AD2408I’m glad that my new beginning has coincided with the season of spring. Spring in many ways represents a new beginning for the earth. I was reminded of that a few days ago as I took a walk in nearby John James Audubon State Park. The wildflowers bursting forth from the ground and the countless shades of green in the trees reminded me of the scripture where God declares that He makes “all things new.” (Rev. 21:5) This afternoon I saw a robin feeding its chicks. Once again there was the reminder, “I make all things new.”   Wherever I seem to glance this time of the year this is the message that presents itself to me.AD2480I see behind both my own new beginning and the signs of new beginnings in nature a God of grace and mercy. I see a God who finds delight in offering us a new beginning every single day. In the third chapter of the Book of Lamentations we find these beautiful words: “Because of the Lord’s great love we are not consumed, for his compassions never fail. They are new every morning; great is your faithfulness.” (vs. 22-23) How awesome it is that we get a chance to start over or begin again every day of our lives! It is even more awesome to know that the God of all Creation is with us on this journey and provides us with both His presence and love constantly.

When you wake up tomorrow, make sure to offer thanks to God for the gift of new beginnings. And then do it again the day after that.  And the day after that…

–Chuck

(I took the three images shown here this past week at John James Audubon State Park in Henderson, KY.)


Jan 11 2012

Finding God in a Barren Winter Tree

On this date in 1611 Nicholas Herman was born in Lorraine, France.  Nicholas would eventually become known simply as “Brother Lawrence,” the monk who wrote the timeless classic The Practice of the Presence of God.  In this little book Brother Lawrence shares what he sees as the secret of the spiritual life, it is turning every moment into an opportunity for prayer or “the practice of the presence of God.”  Brother Lawrence said by doing so he was able to feel God’s presence just as near while he was washing dishes in the monastery kitchen as he did when he observed the Eucharist or Lord’s Supper.

I have been familiar with Brother Lawrence’s writings for many years.  What I did not know until today was the story of his conversion.  I learned in the book, Common Prayer, that gazing at a barren tree one winter Nicholas Herman “saw for the first time the majesty of God’s grace and the constancy of God’s providence.  He imagined himself like the tree, waiting for the life that God would inevitably bring in season.”  Not long after this experience Nicholas became a lay brother in the Carmelite monastery in Paris and received the name, Brother Lawrence.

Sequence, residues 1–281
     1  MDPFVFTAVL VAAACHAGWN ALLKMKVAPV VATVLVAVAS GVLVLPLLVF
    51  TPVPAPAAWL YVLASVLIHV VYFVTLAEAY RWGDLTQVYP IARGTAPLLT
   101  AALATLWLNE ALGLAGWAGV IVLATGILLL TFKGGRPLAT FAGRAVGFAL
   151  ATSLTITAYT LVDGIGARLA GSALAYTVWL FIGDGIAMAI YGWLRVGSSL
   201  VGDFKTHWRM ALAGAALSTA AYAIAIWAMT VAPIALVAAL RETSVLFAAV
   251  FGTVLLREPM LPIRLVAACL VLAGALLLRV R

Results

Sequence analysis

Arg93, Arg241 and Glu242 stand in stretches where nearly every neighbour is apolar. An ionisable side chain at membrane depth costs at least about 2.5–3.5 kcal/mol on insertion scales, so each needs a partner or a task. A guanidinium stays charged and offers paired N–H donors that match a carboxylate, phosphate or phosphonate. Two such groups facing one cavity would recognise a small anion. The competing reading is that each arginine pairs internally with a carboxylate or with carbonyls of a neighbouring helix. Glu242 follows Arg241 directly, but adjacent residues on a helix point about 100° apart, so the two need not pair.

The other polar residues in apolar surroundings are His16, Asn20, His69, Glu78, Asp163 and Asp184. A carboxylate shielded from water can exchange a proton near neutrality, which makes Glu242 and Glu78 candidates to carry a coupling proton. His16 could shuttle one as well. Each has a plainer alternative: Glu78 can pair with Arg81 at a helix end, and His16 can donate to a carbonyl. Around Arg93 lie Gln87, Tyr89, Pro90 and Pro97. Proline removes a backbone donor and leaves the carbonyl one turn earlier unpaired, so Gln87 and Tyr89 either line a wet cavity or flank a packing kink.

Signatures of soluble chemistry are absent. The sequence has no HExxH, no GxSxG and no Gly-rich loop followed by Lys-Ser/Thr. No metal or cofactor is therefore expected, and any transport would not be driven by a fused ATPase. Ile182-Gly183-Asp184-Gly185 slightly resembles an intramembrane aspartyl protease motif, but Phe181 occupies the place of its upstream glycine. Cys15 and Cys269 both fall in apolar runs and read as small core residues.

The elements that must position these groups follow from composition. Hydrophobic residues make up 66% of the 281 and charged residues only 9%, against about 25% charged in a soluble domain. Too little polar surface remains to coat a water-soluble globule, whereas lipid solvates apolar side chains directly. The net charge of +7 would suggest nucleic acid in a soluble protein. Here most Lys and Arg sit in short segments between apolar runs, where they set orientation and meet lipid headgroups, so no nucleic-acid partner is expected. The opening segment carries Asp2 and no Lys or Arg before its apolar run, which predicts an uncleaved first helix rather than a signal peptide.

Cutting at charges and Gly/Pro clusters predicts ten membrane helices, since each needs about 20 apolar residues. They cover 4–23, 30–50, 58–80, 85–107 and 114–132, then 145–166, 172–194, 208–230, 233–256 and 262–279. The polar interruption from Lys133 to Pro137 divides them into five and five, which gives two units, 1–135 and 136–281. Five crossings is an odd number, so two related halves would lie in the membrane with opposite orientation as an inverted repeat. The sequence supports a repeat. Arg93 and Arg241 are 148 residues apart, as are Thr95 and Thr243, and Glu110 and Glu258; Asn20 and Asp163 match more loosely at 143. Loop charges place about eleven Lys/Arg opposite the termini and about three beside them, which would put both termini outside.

I find this story of Brother Lawrence’s conversion fascinating.  Who would have thought that God might speak to someone through a barren winter tree?  Moses’ burning bush makes sense to me, a barren winter tree doesn’t.  But that’s my problem, not God’s.  It should be apparent to all of us by this time that God has no limitations on how He can speak or what He might use to get our attention.  Yes, it should be apparent, but that is not always so.  It is so easy to forget this vital truth and for that reason only look for God in the spectacular or highly unusual.  Doing so, we may very well miss Him altogether. 

I appreciate Brother Lawrence’s initial awareness at the barren winter tree that it symbolized himself “waiting for the life that God would inevitably bring.”  If we are going through “barren” times right now, the barren trees we see around us this time of year serve as reminders that the seasons will change.  We will not always be where we are right now.  As Brother Lawrence understood, they also remind us that God is the one who “makes all things new.” (Revelation 21:5) This is a reminder we need not just in winter but throughout the year.

If you are not familiar with Brother Lawrence and his classic of Christian devotion, The Practice of the Presence of God, I highly encourage you to find a copy of this book and read it.  You’ll be glad you did.

–Chuck

(I took the two images above in the Cumberland Gap National Historical Park.)